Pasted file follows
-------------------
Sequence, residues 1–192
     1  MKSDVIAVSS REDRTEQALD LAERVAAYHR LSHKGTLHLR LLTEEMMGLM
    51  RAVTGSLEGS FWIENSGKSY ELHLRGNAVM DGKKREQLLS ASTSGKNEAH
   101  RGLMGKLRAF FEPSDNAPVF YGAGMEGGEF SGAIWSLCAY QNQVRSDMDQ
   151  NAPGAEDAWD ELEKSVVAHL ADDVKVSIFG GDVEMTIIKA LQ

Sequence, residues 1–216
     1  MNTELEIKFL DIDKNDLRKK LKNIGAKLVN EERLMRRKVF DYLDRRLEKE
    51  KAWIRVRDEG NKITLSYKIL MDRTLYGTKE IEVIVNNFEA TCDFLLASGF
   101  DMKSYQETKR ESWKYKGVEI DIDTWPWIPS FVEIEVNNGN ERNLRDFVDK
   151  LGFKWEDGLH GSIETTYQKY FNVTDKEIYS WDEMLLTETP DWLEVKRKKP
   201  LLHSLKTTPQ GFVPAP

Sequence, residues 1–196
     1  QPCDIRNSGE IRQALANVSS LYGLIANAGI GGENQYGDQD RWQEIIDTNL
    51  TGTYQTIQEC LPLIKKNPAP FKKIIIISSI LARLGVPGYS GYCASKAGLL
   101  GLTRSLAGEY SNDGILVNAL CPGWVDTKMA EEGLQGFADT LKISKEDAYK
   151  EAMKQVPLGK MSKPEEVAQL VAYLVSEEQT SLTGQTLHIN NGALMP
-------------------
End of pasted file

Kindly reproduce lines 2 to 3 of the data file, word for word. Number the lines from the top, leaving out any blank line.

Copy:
     1  MKSDVIAVSS REDRTEQALD LAERVAAYHR LSHKGTLHLR LLTEEMMGLM
    51  RAVTGSLEGS FWIENSGKSY ELHLRGNAVM DGKKREQLLS ASTSGKNEAH